When Soldiers Become Cops


As violence in Afghanistan continues to simmer, the stabilizing role of American troops there looks increasingly necessary. Even many members of the Bush administration -- which long resisted expanding the U.S. troop presence beyond Kabul and rejected anything that smacked of "nation building" -- now recognize how important U.S. soldiers are for Afghanistan. At the same time, however, it is also becoming evident that the U.S. military is not very well suited to the task of establishing security in precarious political environments. Because the United States has no paramilitary units and only poorly organized civilian policing tools, elite combat forces have ended up filling the void. This approach has been inefficient and expensive and has reduced Washington's ability to project power. And it has all but ensured that the U.S. military will bog down in Afghanistan -- not because of mission creep or poor civilian oversight, but because military and civilian leaders have yet to fully accept that a security-conscious nation-building plan is a necessary component of an effective exit strategy.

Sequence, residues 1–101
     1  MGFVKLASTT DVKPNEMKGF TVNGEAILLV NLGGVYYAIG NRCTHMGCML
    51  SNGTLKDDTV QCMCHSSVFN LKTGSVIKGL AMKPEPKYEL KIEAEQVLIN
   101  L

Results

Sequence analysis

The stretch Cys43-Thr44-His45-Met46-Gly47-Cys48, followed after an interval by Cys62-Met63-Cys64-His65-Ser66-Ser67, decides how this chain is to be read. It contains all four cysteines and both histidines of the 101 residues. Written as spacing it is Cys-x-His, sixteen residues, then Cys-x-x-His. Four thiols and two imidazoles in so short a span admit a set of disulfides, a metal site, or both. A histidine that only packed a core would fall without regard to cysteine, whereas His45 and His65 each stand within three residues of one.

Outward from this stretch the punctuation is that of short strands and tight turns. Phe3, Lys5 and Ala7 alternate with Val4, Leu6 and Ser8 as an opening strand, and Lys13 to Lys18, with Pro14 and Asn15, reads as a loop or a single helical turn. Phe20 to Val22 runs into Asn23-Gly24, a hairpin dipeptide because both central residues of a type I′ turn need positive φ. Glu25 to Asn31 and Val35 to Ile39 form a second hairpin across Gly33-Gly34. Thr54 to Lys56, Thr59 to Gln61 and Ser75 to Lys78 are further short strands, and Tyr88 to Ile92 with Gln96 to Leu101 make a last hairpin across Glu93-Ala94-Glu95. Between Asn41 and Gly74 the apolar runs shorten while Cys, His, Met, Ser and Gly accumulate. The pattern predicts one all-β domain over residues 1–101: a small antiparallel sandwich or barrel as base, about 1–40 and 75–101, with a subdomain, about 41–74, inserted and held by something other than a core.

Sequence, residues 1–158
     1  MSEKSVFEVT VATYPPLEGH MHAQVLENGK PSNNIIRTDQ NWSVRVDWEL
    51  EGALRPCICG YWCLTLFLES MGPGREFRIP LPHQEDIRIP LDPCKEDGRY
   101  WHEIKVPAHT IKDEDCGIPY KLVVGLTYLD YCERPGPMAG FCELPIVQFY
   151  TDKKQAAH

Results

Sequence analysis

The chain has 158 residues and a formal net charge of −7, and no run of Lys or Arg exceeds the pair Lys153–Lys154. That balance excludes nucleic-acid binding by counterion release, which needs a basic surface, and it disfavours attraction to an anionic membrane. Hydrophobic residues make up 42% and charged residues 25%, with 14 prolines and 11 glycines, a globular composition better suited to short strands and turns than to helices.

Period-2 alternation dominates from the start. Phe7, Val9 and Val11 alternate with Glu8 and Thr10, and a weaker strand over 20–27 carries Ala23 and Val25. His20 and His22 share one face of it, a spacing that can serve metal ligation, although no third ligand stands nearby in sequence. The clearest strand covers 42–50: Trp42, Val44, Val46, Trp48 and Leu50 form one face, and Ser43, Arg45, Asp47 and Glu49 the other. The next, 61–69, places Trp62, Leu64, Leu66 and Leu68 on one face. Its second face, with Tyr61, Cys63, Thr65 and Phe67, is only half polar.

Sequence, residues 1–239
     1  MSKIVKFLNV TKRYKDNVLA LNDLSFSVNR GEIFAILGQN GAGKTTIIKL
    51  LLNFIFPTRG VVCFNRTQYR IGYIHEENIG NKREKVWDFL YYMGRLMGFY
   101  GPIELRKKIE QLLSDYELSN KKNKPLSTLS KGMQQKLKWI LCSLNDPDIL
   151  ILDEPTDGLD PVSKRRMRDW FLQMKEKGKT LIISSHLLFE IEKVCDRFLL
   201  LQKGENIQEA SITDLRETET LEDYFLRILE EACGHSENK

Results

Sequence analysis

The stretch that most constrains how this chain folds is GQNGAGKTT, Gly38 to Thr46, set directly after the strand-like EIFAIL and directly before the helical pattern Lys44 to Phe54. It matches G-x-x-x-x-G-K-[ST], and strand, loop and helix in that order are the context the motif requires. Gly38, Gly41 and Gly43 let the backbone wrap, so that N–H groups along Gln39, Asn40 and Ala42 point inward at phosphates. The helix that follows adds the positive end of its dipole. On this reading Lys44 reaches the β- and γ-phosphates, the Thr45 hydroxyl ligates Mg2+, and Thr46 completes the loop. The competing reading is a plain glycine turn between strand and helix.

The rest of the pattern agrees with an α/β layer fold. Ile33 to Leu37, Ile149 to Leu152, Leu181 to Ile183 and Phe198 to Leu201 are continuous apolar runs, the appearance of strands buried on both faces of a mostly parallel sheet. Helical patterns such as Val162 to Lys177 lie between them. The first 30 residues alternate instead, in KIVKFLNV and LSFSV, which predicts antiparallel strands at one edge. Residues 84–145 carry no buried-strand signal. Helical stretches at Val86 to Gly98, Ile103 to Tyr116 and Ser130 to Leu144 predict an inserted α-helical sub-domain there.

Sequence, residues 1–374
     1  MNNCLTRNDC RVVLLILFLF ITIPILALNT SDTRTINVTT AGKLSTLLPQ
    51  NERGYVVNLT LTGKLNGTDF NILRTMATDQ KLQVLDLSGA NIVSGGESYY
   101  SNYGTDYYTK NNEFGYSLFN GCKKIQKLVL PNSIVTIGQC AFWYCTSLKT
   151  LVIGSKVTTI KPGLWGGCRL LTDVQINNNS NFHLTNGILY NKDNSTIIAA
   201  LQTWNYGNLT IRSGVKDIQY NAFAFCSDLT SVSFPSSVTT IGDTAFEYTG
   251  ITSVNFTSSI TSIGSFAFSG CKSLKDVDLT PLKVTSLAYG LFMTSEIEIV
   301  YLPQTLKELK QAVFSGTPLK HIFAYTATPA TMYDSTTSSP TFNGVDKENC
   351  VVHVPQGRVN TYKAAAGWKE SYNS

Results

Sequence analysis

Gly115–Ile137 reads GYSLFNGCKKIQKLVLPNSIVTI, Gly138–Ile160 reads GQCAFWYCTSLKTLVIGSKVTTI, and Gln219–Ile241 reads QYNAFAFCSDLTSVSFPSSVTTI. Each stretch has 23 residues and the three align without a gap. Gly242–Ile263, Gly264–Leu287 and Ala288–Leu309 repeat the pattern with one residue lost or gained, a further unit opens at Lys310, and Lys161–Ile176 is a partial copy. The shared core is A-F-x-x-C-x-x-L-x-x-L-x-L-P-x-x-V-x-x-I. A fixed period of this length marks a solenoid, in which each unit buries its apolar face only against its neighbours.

Afghanistan, moreover, has revealed a pattern that the United States seems doomed to repeat elsewhere. The mismatch between resources and requirements will ensure that the country continues to use its forces inefficiently -- unless serious changes are made, that is. Yet despite the best intentions of civilian and military leaders, Washington has failed to address this problem. Nor has it devoted much effort to building the international capabilities that could compensate for this weakness.

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